- the panel recommends that intravenous amifostine be used, at a dose of greater than or equal to 340 mg/m2 to prevent radiation proctitis in patients receiving radiation therapy (II)
|Suggestions for treatment (i.e. weaker evidence supports effectiveness in the treatment setting listed)
- the panel suggests that sucralfate enemas be used to treat chronic radiation-induced proctitis in patients with rectal bleeding (III)
- the panel suggests that hyperbaric oxygen be used to treat radiation-induced proctitis in patients receiving radiation therapy for a solid tumour (IV)
|Recommendations against treatment (i.e. strong evidence indicates lack of effectiveness in the treatment setting listed)
(Note: this therapy is expensive and not readily available. This treatment may be best reserved for challenging cases)
- the panel recommends that misoprostol suppositories not be used to prevent acute radiation-induced proctitis in patients receiving radiation therapy for prostate cancer (I)
Several other therapies have been evaluated in patients with radiation proctitis, including sodium butyrate, metronidazole, formalin however there is limited evidence to support their use.r Many authors point out that large, prospective, randomised, controlled trials are needed to critically evaluate the available options.rrr
Endoscopic treatments: There are a variety of endoscopic approaches which may assist in the management of chronic radiation proctitis designed to control bleeding. The most common of these is Argon plasma coagulation (APC) due to cost effectiveness, positive results and the ability to treat large areas.
Surgery may be considered for patients with chronic radiation proctitis where conservative treatments have been unsuccessful.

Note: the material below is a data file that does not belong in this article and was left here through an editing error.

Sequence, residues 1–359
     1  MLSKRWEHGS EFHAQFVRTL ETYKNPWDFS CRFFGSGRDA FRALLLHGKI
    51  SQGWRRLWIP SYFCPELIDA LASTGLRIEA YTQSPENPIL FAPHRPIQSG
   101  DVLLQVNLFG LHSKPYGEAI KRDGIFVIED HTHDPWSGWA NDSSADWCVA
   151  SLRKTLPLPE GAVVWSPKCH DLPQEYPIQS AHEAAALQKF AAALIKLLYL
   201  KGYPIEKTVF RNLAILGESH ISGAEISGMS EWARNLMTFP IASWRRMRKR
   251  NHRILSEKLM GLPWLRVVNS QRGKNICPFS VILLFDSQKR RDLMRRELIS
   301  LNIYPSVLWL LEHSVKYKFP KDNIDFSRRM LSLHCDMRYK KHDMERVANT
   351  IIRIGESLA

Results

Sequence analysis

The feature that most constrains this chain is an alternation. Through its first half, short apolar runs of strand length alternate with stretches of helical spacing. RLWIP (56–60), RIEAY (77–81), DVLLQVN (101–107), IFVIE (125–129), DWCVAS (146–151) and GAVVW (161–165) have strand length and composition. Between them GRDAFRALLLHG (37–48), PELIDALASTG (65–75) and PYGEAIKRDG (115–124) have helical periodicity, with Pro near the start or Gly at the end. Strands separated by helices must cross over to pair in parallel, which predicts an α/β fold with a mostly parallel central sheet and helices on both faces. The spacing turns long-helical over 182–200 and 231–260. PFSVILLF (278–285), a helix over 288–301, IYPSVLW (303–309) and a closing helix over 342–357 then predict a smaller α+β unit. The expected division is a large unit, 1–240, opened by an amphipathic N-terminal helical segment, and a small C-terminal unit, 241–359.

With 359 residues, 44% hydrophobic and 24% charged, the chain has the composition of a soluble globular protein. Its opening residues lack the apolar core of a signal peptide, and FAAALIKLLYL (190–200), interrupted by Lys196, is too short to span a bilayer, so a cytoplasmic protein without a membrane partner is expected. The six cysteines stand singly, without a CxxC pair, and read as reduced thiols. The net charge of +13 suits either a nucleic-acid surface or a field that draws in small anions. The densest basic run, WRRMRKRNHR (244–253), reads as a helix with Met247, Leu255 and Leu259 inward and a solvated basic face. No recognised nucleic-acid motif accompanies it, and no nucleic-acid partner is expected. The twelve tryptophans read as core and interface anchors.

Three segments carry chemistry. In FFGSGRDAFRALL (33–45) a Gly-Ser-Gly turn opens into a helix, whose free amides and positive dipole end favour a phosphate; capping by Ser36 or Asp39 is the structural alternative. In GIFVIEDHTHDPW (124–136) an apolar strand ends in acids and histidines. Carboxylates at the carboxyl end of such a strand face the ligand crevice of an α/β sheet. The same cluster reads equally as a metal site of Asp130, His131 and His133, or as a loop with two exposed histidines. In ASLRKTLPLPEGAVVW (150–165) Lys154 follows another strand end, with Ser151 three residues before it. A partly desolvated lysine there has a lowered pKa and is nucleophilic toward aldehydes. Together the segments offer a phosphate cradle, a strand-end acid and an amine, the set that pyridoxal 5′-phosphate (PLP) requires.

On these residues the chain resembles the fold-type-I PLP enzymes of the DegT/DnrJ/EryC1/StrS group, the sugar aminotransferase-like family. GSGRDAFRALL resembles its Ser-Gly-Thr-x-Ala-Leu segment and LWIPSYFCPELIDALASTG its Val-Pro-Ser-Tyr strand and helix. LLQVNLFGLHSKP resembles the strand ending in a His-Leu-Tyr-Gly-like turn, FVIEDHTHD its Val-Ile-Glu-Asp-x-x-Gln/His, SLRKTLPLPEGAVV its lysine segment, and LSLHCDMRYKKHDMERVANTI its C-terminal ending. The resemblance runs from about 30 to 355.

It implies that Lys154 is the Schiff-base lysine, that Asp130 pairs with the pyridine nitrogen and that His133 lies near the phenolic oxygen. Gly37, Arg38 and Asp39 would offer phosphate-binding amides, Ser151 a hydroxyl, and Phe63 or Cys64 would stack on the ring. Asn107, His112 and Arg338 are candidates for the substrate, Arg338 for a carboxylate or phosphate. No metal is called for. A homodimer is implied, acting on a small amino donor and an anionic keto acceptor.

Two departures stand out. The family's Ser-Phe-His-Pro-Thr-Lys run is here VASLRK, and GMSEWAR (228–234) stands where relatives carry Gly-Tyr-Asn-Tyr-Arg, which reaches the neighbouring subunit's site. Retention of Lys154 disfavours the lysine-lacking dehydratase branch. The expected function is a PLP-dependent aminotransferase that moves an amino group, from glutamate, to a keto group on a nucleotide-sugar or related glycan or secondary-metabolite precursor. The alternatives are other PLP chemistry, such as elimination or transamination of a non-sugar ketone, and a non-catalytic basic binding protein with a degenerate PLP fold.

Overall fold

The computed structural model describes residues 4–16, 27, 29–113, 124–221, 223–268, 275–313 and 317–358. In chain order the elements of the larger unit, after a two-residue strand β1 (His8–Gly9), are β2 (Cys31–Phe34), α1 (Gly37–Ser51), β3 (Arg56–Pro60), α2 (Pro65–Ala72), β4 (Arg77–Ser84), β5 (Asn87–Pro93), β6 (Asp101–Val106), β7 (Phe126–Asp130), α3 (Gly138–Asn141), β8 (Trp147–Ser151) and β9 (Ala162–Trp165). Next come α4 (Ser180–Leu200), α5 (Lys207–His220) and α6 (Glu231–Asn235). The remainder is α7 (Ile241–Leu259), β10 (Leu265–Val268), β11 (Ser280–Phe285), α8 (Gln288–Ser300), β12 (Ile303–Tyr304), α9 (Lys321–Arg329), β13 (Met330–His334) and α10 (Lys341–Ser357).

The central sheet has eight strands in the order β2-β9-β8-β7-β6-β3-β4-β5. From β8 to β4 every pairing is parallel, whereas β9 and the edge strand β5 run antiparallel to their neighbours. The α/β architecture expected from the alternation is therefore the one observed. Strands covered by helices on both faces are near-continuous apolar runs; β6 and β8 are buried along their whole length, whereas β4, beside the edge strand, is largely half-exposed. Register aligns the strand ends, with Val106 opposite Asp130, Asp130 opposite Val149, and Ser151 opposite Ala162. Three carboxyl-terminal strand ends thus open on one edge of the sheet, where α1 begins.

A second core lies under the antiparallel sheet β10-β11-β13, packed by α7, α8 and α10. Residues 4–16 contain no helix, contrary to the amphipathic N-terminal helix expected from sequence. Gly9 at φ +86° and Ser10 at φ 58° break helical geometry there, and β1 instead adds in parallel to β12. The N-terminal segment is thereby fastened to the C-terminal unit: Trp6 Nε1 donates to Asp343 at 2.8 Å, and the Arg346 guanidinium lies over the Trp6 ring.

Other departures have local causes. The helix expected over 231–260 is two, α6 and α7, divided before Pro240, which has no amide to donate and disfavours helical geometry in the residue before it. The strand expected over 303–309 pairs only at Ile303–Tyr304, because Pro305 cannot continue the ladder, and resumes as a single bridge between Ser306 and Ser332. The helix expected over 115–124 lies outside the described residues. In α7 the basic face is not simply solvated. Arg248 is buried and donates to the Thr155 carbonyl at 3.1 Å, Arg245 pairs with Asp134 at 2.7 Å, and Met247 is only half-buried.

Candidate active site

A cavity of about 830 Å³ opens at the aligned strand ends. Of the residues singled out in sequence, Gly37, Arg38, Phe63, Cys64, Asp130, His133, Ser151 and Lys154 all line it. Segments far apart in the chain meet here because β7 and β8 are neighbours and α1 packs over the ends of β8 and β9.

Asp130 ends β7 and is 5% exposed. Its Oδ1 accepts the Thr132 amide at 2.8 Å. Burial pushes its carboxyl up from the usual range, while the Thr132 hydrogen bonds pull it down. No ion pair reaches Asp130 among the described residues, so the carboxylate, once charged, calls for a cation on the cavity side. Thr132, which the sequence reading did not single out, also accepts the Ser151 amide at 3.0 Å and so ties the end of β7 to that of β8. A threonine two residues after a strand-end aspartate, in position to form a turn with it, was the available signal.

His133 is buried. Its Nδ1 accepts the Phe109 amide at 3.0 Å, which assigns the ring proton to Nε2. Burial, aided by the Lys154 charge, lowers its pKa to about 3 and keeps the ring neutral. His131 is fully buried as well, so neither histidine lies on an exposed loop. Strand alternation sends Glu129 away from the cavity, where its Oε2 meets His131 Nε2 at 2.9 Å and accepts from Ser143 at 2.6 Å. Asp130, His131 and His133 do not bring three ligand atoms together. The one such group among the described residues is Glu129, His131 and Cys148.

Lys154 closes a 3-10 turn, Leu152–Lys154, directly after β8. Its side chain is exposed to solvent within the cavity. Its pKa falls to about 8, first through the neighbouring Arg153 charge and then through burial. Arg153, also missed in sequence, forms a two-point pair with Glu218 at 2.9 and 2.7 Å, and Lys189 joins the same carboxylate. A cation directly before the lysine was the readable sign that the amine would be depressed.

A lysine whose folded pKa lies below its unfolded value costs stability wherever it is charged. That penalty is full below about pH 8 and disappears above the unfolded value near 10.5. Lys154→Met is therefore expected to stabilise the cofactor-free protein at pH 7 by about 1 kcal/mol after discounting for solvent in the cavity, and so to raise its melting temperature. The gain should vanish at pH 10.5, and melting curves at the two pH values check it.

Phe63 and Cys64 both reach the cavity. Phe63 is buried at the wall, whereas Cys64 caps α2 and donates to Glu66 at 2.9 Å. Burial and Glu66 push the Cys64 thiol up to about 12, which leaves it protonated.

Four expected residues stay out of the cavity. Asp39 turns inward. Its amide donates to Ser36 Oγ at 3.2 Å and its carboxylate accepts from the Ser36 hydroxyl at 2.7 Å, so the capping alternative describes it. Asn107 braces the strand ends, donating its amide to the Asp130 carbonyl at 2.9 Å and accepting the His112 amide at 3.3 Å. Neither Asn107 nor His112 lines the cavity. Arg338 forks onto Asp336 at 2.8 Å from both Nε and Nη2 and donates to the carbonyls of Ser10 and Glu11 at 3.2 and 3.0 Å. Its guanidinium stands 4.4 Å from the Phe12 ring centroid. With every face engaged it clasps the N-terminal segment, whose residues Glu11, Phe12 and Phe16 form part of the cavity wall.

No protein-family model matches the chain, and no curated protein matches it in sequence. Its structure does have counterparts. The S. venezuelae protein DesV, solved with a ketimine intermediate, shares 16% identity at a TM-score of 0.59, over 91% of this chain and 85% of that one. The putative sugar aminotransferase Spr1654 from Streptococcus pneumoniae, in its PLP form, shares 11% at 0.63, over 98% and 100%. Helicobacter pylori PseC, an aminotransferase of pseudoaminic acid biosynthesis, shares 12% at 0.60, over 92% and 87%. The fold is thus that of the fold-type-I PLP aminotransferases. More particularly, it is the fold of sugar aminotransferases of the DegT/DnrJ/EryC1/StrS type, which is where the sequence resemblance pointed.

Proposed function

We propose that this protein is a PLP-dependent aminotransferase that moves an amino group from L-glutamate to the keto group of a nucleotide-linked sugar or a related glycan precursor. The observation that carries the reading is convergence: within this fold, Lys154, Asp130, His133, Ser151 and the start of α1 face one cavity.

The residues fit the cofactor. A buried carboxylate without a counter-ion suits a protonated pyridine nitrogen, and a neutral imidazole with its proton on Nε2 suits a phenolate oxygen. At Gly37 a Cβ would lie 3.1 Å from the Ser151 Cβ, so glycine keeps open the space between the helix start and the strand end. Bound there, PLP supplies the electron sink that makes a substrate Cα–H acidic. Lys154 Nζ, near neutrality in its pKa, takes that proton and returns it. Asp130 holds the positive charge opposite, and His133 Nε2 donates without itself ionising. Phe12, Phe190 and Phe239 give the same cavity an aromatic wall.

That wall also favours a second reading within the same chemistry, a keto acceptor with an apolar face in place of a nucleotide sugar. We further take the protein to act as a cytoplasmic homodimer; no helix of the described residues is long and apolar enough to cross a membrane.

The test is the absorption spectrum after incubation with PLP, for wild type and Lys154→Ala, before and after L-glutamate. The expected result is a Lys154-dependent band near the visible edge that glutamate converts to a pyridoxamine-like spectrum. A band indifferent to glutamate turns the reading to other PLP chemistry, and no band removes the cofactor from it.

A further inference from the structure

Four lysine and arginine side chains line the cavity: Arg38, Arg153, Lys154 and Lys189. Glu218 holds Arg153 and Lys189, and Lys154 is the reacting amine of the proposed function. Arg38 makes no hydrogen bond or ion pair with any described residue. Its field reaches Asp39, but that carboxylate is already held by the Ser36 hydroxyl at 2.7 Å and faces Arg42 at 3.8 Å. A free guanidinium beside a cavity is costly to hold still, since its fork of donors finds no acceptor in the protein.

Patients should be referred to a gastrointestinal specialist to explore options where appropriate in conjunction with the treating radiation oncologist.
Patients with severe symptoms of acute radiation proctitis may need to have their radiation therapy suspended for a short period.r Otherwise, treatment is of a supportive nature including:
- maintaining adequate hydration
- dietary changes (see above)
- antidiarrhoeals as required
- analgesics if pain is a problem
- antispasmodics for tenesmus
- topical analgesia for anal soreness
- oral/rectal steroids and/or butyrate enemas may be considered.
Chronic radiation proctitis can present with a range of symptoms and these will largely determine the choice of management strategy. The level of intervention required will depend on the severity of symptoms and the risk-benefit profile of available treatment options.
Because of uncertainty about the natural history of chronic radiation proctitis, the limited evidence for many therapies and the risk of adverse effects, a conservative management approach is advocated by some authors.rrr This would include supportive measures similar to those used in acute proctitis. In addition, patients with rectal bleeding who are taking aspirin or warfarin should have their need for these medications reviewed.r Consideration should also be given to other factors which may be contributing to symptoms including more proximal gastrointestinal damage producing gastrointestinal hurry.r Additional treatments would be considered on the basis of the evidence available for their use and the likely risk of adverse effects, as outlined above.